An abrupt noise woke Obhoy up in the middle of the night and throughout the rest of the night his eyelids would not shut. What was the matter with him? He had been sound asleep; then suddenly he woke up as if someone was battering at the gate of his senses.
It was a hot August afternoon when I stood on the tarmac at the St Louis airport staring at the tiny 7-seater that looked like a toy plane. What? I thought. I would have to get on that? Was this some kind of a joke? Three other passengers were also waiting, but they seemed strangely unperturbed.
Last November, our elderly maid servant Fatema’s ma who works full-time at our house, wanted to take leave to get her son married. Of course, I agreed immediately. But she would be gone for about two weeks and hence she proposed that her eldest son’s wife might work in her absence.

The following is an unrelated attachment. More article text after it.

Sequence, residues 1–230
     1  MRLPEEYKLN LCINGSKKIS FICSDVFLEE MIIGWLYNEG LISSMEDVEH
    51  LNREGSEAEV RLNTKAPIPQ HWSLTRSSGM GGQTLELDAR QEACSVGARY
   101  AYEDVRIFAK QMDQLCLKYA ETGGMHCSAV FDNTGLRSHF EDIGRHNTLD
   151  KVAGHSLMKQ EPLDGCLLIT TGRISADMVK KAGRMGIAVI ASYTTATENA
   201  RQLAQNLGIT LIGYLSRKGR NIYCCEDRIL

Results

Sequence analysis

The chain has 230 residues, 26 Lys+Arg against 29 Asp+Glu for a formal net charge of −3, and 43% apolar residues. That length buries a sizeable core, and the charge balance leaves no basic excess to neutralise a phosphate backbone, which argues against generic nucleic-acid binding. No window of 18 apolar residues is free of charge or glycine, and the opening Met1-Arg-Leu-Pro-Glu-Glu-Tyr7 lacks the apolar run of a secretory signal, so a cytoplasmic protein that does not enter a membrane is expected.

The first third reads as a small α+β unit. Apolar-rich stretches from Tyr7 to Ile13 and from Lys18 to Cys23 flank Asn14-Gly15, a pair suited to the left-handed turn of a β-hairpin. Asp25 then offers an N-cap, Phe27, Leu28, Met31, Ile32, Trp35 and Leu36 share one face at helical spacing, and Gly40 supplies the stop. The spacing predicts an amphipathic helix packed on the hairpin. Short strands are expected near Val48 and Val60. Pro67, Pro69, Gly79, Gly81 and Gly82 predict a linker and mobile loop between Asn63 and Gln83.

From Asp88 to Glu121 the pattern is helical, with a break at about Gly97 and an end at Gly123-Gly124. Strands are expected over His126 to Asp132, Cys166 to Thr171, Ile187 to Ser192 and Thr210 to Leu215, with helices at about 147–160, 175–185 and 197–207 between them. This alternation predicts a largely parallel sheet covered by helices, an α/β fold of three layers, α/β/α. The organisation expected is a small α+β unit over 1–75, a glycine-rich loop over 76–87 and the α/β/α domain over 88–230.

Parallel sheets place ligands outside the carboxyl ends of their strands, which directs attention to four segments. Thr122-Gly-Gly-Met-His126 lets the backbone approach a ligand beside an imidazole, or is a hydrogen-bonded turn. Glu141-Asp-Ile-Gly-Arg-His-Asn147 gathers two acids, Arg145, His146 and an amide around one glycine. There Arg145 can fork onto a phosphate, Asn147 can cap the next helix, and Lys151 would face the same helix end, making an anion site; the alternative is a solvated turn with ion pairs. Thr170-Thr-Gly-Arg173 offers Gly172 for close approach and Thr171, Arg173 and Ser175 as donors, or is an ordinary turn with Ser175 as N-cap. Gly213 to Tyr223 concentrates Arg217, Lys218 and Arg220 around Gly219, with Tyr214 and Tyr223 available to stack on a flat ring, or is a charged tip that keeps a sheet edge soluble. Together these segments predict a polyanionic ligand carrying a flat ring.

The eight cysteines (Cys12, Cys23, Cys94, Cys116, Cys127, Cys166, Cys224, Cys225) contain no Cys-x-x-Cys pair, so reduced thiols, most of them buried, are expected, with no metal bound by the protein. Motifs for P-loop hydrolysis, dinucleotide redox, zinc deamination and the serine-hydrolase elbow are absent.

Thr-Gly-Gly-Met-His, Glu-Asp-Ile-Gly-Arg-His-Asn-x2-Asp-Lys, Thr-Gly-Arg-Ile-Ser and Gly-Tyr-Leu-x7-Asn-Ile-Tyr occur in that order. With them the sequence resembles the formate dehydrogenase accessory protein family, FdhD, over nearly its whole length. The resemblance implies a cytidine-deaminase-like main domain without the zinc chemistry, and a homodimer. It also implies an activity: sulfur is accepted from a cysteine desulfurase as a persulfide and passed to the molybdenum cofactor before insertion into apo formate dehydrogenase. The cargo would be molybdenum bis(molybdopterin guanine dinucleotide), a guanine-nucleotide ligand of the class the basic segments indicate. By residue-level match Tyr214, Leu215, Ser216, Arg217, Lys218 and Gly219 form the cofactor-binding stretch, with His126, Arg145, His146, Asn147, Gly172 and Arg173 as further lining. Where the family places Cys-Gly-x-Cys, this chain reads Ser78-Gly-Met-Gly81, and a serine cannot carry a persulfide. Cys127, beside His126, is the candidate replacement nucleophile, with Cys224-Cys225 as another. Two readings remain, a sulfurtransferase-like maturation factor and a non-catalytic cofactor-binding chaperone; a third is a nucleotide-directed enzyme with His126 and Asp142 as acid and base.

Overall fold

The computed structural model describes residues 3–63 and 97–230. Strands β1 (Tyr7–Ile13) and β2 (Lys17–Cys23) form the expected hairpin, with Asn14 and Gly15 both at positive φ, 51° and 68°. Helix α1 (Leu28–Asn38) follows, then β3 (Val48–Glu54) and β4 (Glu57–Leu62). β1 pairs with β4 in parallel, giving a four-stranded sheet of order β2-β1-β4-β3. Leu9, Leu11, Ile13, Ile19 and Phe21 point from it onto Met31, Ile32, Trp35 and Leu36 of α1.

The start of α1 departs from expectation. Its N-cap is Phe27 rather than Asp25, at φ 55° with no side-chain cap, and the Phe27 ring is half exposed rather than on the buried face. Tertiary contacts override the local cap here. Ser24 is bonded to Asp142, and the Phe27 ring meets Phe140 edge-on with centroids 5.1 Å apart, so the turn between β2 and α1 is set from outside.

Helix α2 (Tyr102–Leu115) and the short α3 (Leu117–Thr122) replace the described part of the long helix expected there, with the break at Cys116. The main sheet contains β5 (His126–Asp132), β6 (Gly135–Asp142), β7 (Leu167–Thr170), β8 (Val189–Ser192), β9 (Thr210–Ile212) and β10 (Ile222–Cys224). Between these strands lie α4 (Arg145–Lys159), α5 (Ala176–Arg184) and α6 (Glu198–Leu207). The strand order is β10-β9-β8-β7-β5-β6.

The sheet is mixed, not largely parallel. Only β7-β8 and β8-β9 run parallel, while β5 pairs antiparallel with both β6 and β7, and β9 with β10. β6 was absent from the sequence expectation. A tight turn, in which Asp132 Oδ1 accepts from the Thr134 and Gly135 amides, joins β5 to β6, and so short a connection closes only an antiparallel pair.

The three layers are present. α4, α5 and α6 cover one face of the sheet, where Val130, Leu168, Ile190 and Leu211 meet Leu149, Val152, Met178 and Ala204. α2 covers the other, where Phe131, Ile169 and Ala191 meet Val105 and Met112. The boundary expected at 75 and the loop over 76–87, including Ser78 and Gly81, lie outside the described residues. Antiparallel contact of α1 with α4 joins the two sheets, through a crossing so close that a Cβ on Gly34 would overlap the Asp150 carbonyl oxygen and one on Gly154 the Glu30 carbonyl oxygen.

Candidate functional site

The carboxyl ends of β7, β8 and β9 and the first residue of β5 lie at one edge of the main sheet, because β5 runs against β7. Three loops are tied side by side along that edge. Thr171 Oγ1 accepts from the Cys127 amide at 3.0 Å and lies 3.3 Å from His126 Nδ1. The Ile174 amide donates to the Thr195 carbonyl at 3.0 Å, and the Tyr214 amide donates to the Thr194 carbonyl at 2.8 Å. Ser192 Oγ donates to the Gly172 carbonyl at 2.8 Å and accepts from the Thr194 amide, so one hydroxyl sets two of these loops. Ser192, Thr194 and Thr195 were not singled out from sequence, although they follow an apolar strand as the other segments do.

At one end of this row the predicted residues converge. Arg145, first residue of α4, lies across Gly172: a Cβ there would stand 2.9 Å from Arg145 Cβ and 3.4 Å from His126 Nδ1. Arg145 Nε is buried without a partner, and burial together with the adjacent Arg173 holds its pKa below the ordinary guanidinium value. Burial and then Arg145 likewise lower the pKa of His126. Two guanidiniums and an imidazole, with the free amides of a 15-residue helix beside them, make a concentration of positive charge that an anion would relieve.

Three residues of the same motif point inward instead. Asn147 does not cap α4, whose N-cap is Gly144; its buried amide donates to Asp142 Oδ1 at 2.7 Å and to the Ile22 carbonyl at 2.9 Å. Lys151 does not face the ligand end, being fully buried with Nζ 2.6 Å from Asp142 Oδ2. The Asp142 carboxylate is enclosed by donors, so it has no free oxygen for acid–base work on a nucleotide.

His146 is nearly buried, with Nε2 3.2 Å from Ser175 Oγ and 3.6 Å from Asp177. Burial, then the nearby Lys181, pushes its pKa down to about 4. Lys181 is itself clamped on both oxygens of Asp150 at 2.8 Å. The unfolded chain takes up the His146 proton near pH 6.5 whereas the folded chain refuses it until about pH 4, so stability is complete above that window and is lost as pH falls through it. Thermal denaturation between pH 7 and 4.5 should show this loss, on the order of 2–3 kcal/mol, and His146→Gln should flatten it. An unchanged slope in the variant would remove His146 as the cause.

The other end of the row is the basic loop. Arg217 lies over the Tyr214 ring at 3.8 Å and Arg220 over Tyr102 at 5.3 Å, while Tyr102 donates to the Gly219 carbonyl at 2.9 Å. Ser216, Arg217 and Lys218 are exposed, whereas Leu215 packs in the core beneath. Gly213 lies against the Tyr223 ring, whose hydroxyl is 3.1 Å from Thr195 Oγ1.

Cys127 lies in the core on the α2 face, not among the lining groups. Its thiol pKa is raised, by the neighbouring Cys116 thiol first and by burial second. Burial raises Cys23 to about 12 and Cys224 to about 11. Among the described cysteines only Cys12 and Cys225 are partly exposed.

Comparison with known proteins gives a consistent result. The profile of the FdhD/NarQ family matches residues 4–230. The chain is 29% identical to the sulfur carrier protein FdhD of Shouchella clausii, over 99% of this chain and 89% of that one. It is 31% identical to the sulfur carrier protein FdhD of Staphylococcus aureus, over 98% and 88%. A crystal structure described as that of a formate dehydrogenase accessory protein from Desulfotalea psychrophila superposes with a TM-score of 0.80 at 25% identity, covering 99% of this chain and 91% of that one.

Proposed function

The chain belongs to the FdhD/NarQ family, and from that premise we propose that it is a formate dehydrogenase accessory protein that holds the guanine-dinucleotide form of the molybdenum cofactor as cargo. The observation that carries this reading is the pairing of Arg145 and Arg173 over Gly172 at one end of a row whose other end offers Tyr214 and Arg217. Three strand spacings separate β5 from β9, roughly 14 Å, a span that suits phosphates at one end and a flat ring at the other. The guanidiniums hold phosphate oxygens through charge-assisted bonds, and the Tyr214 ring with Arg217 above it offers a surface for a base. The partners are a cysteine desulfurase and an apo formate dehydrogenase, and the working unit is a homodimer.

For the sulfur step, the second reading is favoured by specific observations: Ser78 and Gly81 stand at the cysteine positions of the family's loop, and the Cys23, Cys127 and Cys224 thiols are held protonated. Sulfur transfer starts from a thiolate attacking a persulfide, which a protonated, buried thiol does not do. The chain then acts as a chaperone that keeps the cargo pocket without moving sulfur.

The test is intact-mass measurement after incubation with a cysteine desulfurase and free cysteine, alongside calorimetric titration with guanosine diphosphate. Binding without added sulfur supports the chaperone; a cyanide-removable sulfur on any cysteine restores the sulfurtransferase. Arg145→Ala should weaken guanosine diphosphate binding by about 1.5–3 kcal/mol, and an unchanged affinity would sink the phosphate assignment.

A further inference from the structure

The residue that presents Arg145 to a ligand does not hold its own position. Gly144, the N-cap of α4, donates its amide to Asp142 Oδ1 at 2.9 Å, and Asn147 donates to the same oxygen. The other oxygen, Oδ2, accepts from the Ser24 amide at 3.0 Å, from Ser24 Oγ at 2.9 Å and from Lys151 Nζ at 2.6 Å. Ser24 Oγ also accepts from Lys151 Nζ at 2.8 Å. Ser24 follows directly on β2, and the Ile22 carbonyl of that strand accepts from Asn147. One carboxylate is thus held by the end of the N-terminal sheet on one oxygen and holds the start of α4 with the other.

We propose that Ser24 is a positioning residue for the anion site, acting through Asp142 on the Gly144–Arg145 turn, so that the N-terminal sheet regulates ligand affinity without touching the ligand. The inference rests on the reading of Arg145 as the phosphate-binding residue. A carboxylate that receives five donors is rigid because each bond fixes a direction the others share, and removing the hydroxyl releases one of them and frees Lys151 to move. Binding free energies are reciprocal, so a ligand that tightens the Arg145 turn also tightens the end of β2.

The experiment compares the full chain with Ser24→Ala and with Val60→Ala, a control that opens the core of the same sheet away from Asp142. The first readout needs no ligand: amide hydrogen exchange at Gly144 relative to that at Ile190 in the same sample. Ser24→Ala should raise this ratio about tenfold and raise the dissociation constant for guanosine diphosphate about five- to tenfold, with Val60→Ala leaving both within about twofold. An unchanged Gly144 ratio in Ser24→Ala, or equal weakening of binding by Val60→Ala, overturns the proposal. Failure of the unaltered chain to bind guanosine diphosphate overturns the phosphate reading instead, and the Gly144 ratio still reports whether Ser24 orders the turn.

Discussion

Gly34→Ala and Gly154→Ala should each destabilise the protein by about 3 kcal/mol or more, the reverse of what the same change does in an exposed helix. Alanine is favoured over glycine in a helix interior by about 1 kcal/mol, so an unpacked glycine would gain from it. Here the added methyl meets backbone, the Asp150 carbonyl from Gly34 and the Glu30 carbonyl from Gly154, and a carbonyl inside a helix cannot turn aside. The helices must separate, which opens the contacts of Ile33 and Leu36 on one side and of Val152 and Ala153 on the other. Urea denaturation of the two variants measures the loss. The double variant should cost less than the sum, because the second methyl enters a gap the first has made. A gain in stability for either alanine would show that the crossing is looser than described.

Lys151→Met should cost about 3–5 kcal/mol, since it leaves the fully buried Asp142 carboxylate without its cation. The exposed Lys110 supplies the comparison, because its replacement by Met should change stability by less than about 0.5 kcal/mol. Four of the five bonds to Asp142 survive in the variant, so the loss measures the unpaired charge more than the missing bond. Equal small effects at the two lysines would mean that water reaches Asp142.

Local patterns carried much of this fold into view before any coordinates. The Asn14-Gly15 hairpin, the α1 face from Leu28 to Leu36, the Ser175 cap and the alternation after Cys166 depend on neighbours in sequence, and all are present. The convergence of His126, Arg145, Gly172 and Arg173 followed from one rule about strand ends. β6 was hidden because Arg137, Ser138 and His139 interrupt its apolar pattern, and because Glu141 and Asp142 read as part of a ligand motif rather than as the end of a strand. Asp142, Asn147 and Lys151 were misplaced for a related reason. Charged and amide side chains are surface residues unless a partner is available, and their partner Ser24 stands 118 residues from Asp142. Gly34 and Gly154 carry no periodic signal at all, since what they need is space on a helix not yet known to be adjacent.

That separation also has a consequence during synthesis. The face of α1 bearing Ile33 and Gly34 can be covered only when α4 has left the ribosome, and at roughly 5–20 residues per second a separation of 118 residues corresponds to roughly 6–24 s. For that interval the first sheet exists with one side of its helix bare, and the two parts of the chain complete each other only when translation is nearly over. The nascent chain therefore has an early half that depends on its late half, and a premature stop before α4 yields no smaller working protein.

Readers over the last two centuries have generally liked the bright and sparkling world of Jane Austen’s Pride and Prejudice, whereas Persuasion has often been described as “a departure from the rest of the novels, a turning away from the brilliant and public play of the mind for the deep and private truths of the heart” (Morgan 168).